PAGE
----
Monday, September 23, 2019

Gull Feasting On Huge Salmon - Sammamish River

Gull with Chinook salmon
At first I thought it must be a log or a piece of driftwood.  However, as I drew closer to it, I could see that it was actually a large dead Chinook salmon – indeed, one of the biggest I have ever seen.  It had likely been on its way back to breed at the Issaquah Hatchery, when it somehow met its demise.
It was clearly a male, as evidenced by the noticeable ‘kype’ located at the tip of the lower jaw.  This is a hook-like secondary sex characteristic which develops in some male salmonids prior to the spawning season.  I estimated its size as about three feet in length.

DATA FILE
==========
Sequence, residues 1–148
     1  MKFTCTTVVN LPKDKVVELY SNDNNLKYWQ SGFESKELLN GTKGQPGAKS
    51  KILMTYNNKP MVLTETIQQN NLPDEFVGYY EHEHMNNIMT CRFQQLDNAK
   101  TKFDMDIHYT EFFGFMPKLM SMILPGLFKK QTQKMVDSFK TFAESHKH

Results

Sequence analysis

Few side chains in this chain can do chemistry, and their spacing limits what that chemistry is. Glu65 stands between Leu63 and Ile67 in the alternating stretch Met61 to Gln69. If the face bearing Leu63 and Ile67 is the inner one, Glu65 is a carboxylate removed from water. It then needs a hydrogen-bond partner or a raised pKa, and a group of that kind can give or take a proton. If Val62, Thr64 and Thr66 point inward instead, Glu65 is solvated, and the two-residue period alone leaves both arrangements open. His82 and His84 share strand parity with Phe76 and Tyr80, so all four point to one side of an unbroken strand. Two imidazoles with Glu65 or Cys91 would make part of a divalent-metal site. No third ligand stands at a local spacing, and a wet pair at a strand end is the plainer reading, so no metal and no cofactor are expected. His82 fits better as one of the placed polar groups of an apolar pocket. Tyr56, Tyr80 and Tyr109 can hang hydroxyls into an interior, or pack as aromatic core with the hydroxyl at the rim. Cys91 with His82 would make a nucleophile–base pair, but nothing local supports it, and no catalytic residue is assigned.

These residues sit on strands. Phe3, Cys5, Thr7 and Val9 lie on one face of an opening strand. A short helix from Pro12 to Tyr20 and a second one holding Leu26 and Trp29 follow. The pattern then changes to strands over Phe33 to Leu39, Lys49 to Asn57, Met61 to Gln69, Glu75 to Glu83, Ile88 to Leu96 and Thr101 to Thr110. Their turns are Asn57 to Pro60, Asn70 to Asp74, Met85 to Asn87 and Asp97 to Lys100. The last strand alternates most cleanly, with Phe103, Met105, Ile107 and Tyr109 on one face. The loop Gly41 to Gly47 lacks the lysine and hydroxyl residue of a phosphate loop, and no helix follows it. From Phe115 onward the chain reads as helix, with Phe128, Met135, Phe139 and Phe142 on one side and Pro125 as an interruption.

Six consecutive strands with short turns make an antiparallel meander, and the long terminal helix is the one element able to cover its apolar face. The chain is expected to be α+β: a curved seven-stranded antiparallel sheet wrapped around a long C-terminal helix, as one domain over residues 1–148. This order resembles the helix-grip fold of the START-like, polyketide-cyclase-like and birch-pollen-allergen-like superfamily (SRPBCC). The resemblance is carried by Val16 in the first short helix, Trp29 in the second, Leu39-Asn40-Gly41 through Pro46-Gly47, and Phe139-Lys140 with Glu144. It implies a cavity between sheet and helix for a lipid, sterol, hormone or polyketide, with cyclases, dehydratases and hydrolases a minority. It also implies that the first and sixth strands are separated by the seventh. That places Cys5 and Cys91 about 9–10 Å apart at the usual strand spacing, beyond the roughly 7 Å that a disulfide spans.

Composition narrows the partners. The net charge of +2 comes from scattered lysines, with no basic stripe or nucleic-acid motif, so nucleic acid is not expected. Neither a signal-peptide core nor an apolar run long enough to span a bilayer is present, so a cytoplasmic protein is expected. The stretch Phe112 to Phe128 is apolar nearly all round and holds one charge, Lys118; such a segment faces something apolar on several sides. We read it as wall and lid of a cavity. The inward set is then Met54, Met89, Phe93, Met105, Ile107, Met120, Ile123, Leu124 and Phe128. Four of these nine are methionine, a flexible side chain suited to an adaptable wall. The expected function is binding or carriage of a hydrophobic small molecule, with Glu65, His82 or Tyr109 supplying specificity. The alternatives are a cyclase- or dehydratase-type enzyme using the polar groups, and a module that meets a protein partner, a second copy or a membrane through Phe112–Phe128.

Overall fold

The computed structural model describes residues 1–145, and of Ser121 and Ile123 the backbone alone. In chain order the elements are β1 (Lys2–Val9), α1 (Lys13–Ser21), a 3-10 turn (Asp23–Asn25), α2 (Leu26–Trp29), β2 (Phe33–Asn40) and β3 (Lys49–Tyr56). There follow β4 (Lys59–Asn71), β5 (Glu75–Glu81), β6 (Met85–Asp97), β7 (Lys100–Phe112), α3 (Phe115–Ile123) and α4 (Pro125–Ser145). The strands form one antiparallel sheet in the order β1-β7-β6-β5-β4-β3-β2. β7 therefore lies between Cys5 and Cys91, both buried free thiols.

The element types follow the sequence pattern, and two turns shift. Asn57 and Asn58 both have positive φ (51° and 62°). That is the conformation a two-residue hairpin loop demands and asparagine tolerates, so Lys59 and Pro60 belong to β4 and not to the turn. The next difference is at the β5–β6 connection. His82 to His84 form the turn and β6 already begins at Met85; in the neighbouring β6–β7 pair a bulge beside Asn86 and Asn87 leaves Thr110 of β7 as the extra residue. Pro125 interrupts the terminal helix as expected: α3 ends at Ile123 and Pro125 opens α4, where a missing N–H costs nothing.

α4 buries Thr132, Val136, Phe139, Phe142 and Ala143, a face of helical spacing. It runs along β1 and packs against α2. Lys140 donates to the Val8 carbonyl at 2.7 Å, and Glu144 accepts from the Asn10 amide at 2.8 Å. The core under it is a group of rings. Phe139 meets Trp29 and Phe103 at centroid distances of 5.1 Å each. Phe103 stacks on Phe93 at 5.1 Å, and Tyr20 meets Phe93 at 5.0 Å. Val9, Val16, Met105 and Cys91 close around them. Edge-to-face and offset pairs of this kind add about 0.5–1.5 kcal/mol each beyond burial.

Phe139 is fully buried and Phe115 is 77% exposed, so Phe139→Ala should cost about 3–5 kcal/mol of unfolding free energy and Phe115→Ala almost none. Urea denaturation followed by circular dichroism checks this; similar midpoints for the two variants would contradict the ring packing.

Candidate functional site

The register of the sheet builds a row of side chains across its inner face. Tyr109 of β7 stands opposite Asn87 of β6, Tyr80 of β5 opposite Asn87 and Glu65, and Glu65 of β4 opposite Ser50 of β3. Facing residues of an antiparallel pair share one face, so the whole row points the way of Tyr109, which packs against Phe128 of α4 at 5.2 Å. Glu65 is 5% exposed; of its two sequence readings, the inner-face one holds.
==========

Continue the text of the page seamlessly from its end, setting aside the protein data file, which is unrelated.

As I drew closer, I noticed a couple of gulls circling overhead. One landed in the water and swam over to the salmon.  After inspecting it for a few moments, it sank its beak deep into the eye socket area, as I snapped off a few photos.
The gull appeared to me to be an immature glaucous-winged gull.  This species is very common in our area and takes four years to become an adult.  In the immature phase, the feather coloration is an admixture of cream-colored white and a mottled tan, with a black beak. 
The gull continued to paddle along beside the salmon and occasionally peck at it.  After observing the two for a while longer, I finally decided to continue on my way, leaving nature to take its inevitable course.

Story and Photos by John Reinke

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